- you have autoimmune anaemia or thrombocytopenia that is not responding to treatment.
When you finish your treatment, you go back onto active monitoring.
Watch our video on first line treatment for CLL (recorded during a live webinar in April 2021)
There are a number of different ways that CLL can now be treated. For many years people with CLL who do not have high-risk genetic changes have been treated with chemotherapy combined with antibody therapy (for example rituximab) as their first treatment. This is sometimes called chemo-immunotherapy. While chemo-immunotherapy is often a very effective treatment for CLL, it can cause a range of side effects and complications.
There are now a number of non-chemotherapy approaches to treat CLL. These are targeted drugs that you take as a tablet. They are sometimes combined with antibody therapy. Studies have shown that these newer treatments can be more effective than chemotherapy at keeping CLL in remission. The tablets are also commonly better tolerated than chemotherapy. They include drugs such as ibrutinib, acalabrutinib and venetoclax.
The antibody most commonly used in first-line treatment for CLL is called obinutuzumab. It can sometimes be combined with one of the newer tablet medications.
The different treatments that are approved for CLL within the UK are changing rapidly. As more options become available, it is important that you discuss these choices with your CLL doctor. This will allow you to choose the treatment that is best suited to your needs.
In addition to these options, your medical team might ask you if you’d like to take part in a clinical trial. To find out more about clinical trials or to search for a trial that might be suitable for you, visit Lymphoma TrialsLink.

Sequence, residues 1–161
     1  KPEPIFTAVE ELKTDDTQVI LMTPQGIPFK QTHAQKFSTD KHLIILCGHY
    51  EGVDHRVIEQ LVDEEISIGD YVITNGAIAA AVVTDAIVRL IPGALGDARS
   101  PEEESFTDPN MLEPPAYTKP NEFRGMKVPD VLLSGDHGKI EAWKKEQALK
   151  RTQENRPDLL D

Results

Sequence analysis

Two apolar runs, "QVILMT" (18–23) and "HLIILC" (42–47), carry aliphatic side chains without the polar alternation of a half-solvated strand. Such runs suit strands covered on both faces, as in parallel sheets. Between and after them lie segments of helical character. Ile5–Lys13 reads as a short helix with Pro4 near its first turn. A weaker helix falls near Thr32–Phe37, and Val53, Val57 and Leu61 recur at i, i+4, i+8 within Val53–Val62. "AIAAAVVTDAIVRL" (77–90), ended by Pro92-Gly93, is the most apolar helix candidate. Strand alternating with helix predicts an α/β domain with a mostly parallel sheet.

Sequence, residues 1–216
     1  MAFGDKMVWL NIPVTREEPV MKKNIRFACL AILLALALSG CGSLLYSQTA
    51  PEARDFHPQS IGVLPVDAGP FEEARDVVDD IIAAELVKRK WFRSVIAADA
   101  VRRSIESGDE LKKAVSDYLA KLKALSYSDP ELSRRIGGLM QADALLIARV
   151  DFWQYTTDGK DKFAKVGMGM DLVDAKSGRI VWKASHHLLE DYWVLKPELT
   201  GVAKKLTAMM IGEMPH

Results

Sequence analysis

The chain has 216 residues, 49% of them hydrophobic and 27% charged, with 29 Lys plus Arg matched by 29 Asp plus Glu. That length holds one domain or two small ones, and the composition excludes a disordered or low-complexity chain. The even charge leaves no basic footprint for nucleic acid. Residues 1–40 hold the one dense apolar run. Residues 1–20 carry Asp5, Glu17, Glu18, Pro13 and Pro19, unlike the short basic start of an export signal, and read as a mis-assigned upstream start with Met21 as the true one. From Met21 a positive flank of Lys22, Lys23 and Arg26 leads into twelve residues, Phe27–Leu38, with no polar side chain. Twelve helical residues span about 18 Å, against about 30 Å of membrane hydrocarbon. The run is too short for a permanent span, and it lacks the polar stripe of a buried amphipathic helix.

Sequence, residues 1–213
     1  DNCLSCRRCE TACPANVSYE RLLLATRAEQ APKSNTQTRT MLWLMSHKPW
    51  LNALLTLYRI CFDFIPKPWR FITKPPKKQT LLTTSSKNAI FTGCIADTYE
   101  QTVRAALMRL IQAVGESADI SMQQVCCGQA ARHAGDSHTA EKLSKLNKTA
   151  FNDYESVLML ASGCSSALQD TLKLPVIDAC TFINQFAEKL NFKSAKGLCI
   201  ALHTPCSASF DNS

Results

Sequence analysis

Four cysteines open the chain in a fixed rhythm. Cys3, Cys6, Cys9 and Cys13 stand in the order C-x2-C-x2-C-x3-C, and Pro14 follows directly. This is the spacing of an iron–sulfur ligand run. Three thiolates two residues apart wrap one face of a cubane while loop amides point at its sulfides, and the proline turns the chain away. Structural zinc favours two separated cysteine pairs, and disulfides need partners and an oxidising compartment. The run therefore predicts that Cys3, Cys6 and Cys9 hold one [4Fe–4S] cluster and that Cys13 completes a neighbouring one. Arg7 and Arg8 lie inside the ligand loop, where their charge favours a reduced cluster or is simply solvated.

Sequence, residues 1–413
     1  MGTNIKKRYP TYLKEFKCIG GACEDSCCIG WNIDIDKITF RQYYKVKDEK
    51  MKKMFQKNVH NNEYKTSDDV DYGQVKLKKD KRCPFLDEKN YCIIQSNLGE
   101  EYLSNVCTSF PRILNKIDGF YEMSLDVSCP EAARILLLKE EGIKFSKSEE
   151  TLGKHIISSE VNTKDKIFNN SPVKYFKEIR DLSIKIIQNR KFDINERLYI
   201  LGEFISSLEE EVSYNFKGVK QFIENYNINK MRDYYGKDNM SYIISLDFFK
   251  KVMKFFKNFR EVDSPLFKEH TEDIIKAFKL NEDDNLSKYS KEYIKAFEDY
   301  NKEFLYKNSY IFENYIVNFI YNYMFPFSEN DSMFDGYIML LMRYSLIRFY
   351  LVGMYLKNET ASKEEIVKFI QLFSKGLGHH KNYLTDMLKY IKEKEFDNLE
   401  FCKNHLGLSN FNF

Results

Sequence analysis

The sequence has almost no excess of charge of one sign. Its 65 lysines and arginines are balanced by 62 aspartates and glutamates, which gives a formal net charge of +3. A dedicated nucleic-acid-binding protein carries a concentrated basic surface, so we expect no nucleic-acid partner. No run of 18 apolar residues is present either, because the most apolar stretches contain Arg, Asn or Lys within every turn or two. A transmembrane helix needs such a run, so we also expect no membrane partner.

Hear Michael's experience of taking part in a clinical trials for SLL
Treatment for people with high-risk genetic changes
CLL that has high-risk genetic changes doesn’t usually respond well to chemotherapy. However, there are several targeted drugs that can be very effective.
The most common treatment is ibrutinib. This is a type of targeted drug that blocks the signals that B cells send to help them stay alive and divide. You have it as a tablet that you take every day unless your lymphoma stops responding or you develop troublesome side effects.
If ibrutinib is not suitable for you, your medical team might suggest a different cell signal blocker called idelalisib, usually combined with rituximab. Other treatment options include idelalisib on its own, or a different targeted drug called venetoclax.
Other treatment options
Radiotherapy is sometimes used to treat SLL that is only affecting one part of your body. In this case, it can sometimes cure the lymphoma. Radiotherapy is not often used for CLL but might occasionally be used to shrink large lymph nodes if other treatments are not suitable or have not worked for you.
Treatment or prevention of symptoms
As well as treatments to control your lymphoma, you might have treatments to help relieve your symptoms or prevent infections. These might include:
- antibiotics, antifungal and antiviral drugs to prevent or treat infections
- vaccinations against flu and pneumonia
- growth factor (G-CSF) injections to boost your white blood cell count
- immunoglobulin replacement therapy to strengthen your immune system if your level of natural antibodies is low
- red blood cell transfusions or platelet transfusions to treat low blood counts
- treatments for autoimmune haemolytic anaemia and immune thrombocytopenic purpura.
Contact your medical team straightaway if you have any symptoms of infection. It is important that you get prompt treatment.